THIS story on the United Speed Shop '55 Chevy and '52 Ford F1 pro touring pick ups was originally published in the March 2016 issue of Street Machine magazine.
SOME days we like sweet, some days we like spicy, but what happens when you can’t decide? Maybe that ‘why don’t we have both?’ kid from the taco ad is onto something, particularly when it comes to our automotive tastes.
This ’52 F1 and ’55 Chevy 3100 come from opposite sides of Detroit, and while very different methods were used to get to the end result, the bloke who built them had one goal in mind. “They had to be awesome street cars,” Ryan Carter asserts.
Ryan is the bossman of Newcastle’s latest hot rod haven, United Speed Shop. You might recognise his name, as he spent years doing killer renderings for our now-defunct Expression Session section.
“Les Elliott’s F1 was the first build I took on as United,” Ryan explains. “He had a neat, mild pick-up that was an ex-Jim Beam promo truck, but wanted something more hot-rodded, with a vintage feel.
The black F1 was far more farm truck than slick streeter when it rolled into United’s Waratah shop, but it soon was down to a bare frame for Ryan to re-engineer. “We did our own parallel four-link and independent front end with power steering rack, big Baer disc brakes, QA1 coil-over struts, hidden battery system, rewired it and got it as a good base to be reliable and drive really nicely,” he says. “It was super-important to make it as liveable as possible for Les.”
The little 302 was treated to a reco, with an Edelbrock intake, Holley carb, four-into-one headers and custom 2.25-inch exhaust, HEI ignition, and a modern cooling system with a custom shroud all added for good measure. Ryan reckons Scott Barter from Oxytech Powder Coatings did more than his fair share of work on the truck, coating the custom valve covers, suspension and those slick custom Schott Accelerator 19x8 and 20x10 billet wheels.
Fitting the big wheels and making it all look meaner than Henry intended meant the USS crew put in a bunch of hours on an already good, straight body. The rear wheel tubs were remade, a rollpan was added to the rear, the front bumper was tucked three inches and a custom hardwood bed floor made.
The cab was fully soundproofed in Car Builders acoustic material, while Steve Longbottom at Trimlab modified the Mazda Bravo bench to fit, before covering the seat and door trims in olive leather and black carpet.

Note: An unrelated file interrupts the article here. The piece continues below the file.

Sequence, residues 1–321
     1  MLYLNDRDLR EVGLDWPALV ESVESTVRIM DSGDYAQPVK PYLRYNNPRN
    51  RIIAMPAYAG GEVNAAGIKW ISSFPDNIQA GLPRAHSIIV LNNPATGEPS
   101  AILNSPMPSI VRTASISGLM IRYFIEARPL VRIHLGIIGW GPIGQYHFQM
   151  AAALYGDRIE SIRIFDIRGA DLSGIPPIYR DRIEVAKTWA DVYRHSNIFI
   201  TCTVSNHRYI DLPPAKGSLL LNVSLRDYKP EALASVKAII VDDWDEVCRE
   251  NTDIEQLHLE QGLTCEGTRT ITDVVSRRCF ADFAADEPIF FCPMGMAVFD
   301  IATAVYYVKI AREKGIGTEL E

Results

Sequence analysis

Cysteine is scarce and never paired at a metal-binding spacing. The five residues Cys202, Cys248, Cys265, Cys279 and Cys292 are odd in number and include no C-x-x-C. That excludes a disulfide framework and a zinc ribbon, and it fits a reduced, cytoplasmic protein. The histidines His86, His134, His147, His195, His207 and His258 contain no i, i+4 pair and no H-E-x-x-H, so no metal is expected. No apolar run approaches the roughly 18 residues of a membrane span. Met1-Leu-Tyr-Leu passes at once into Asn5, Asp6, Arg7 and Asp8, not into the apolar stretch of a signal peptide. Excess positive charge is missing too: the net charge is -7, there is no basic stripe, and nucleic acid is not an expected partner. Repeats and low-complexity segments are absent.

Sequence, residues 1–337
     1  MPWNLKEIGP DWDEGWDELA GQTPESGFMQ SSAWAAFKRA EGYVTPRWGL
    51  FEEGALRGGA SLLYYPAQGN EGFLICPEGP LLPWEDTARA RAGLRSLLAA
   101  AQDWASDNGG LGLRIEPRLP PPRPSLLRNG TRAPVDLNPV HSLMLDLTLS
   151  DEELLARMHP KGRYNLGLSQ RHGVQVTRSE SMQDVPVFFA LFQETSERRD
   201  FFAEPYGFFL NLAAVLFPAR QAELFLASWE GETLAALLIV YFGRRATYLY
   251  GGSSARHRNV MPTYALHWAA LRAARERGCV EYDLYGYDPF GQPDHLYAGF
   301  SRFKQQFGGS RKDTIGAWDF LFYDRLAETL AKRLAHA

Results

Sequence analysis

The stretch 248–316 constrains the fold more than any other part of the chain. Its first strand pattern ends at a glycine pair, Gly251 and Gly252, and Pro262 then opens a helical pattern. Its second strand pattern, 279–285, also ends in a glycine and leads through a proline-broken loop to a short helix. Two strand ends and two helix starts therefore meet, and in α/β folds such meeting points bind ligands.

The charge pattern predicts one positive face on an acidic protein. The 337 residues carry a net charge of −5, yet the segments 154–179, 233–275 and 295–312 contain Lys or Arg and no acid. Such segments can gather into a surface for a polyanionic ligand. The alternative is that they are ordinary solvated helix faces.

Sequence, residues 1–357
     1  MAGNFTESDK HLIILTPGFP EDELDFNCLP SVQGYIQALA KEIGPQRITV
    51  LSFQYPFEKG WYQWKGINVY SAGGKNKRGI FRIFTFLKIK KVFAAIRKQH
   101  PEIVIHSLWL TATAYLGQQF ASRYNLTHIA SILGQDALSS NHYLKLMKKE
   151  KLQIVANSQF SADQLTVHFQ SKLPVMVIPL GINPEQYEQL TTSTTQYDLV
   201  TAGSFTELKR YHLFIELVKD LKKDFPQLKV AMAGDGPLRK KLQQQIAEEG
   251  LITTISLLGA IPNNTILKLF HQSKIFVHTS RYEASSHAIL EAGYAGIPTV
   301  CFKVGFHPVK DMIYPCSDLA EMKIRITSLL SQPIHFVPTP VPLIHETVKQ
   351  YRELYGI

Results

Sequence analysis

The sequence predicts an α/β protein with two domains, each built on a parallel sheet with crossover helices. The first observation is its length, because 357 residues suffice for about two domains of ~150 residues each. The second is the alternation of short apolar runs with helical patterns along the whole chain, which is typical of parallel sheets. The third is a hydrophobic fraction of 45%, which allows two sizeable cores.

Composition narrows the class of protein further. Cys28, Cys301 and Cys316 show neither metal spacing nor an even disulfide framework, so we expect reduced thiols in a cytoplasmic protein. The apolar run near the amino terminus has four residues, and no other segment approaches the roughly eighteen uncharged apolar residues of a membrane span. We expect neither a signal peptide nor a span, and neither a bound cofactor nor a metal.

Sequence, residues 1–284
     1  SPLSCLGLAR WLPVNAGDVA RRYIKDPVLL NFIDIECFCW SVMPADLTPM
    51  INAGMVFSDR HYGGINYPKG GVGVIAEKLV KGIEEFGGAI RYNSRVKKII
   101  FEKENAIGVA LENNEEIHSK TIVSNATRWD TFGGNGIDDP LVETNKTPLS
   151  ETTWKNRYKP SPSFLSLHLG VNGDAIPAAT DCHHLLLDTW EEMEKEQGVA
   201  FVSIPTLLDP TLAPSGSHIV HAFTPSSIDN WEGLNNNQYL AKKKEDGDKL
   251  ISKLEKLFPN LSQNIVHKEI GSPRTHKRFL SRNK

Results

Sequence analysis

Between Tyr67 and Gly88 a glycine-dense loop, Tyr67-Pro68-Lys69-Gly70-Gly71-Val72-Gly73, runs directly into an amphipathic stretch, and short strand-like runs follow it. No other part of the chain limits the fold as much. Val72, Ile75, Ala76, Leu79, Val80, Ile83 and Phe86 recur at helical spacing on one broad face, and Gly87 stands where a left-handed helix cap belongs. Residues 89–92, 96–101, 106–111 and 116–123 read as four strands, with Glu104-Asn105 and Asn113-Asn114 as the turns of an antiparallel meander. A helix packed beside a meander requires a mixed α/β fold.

Ryan’s spearmint shop truck doesn’t have anywhere near that sort of luxury inside, with a retrimmed HT Kingswood bench and not much else, but it makes up for it in other areas. “I built my ’55 as a semi-pro tourer that looks like a survivor, so it while it looks weathered it hides an injected LS motor and six-speed manual out of a late-model SS Commodore.”
The 5.7-litre LS1, six-speed and 4.11 gears in the HiLux diff make for a super-snappy powertrain, especially with the Holley injection, flash-tuned ECU and custom exhaust. “My truck sits on a ’55 Chevy 150 passenger-car frame my dad knew of in Taree, NSW,” Ryan says. “I’d bought the cab and tray from Victoria but didn’t have a chassis, but this one had been sitting in the front yard of a sandblasters for 10 years.
“I found the cab when I was working at The Chop Shop with Laurie Starling and we drove through the night one Friday to pick it up. That was an epic road trip with many good memories. I’d had another 50s Chevy pick-up years ago on ’bags and more highly finished, but I wanted this one to be a bit grittier, on coil-overs, to act as a shop truck for United.”
Surprisingly, the cab only needed minor work to fit the 150 frame, though the T56 six-speed forced Ryan and USS fabricator Eric McKenna to make a new transmission tunnel. They also had to weld a cutout section for the firewall and plug all the old holes, before Sam Rayner of Bombwerks sectioned the stock dash for the right-hook swap.
Ryan thrashed on the truck after hours and on weekends. Big jobs included fitting Baer four-pot disc brakes and a Commodore brake booster and fuel tank; re-making the bed floor and running boards; whipping up a custom exhaust, four-link rear end and independent front end; doing a steering rack conversion; even modifying the rear end to suit a bed-hitch for a massive trailer he plans on towing to shows.
Zac Guise modified the LS1’s wiring loom to run in the vintage pick-up, while Bassett Racing performed the flash-tune. Again, Scotty from Oxytech was called on for specialised powdercoating jobs. “Scott came through massively and I can’t thank him enough for doing the engine bay goodies and plenty more,” Ryan says.
Those goodies include a set of custom billet vintage-look rocker covers that Ryan CAD-designed in-house and had Chubby from Lowe Fabrications make up, before Scotty coated them in the same Cootamundra mint green that Eric had sprayed on the pick-up’s shell. The finned covers and carby-style intake may seem old-school, but they’re hiding Holley multi-port injection, which Ryan added as a red herring to the car’s modern heart.
While the build on Les’s truck took a scant 12 months, Ryan’s minty 3100 was a mad thrash. “We built the majority of my truck over a pretty intense three-month period, but we actually had a pretty easy time with Les’s,” he says. Both are now engineered and fully fit for the road, and Les even gets to enjoy air con in his!
As for Ryan, there’s no rest for the wicked. “I’d love to have three weeks off in Thailand, but the shop is chockers with other builds we need to get done. The ’55 is going to earn its keep right from the start!”
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Street Machine is the bible of Aussie modified auto culture, celebrating wild muscle cars, customs and hot rods – and the incredible humans who create them.
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